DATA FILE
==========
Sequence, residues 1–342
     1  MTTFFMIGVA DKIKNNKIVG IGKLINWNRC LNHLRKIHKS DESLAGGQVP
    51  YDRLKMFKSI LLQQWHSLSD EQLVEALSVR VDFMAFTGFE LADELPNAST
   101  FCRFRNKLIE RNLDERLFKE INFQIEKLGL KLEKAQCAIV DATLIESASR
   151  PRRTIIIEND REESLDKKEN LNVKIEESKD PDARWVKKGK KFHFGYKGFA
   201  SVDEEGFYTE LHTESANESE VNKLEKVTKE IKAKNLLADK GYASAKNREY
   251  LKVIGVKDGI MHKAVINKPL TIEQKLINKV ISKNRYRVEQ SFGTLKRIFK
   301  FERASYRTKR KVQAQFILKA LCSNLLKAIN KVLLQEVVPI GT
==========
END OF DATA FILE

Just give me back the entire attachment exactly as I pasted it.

Sequence, residues 1–342
     1  MTTFFMIGVA DKIKNNKIVG IGKLINWNRC LNHLRKIHKS DESLAGGQVP
    51  YDRLKMFKSI LLQQWHSLSD EQLVEALSVR VDFMAFTGFE LADELPNAST
   101  FCRFRNKLIE RNLDERLFKE INFQIEKLGL KLEKAQCAIV DATLIESASR
   151  PRRTIIIEND REESLDKKEN LNVKIEESKD PDARWVKKGK KFHFGYKGFA
   201  SVDEEGFYTE LHTESANESE VNKLEKVTKE IKAKNLLADK GYASAKNREY
   251  LKVIGVKDGI MHKAVINKPL TIEQKLINKV ISKNRYRVEQ SFGTLKRIFK
   301  FERASYRTKR KVQAQFILKA LCSNLLKAIN KVLLQEVVPI GT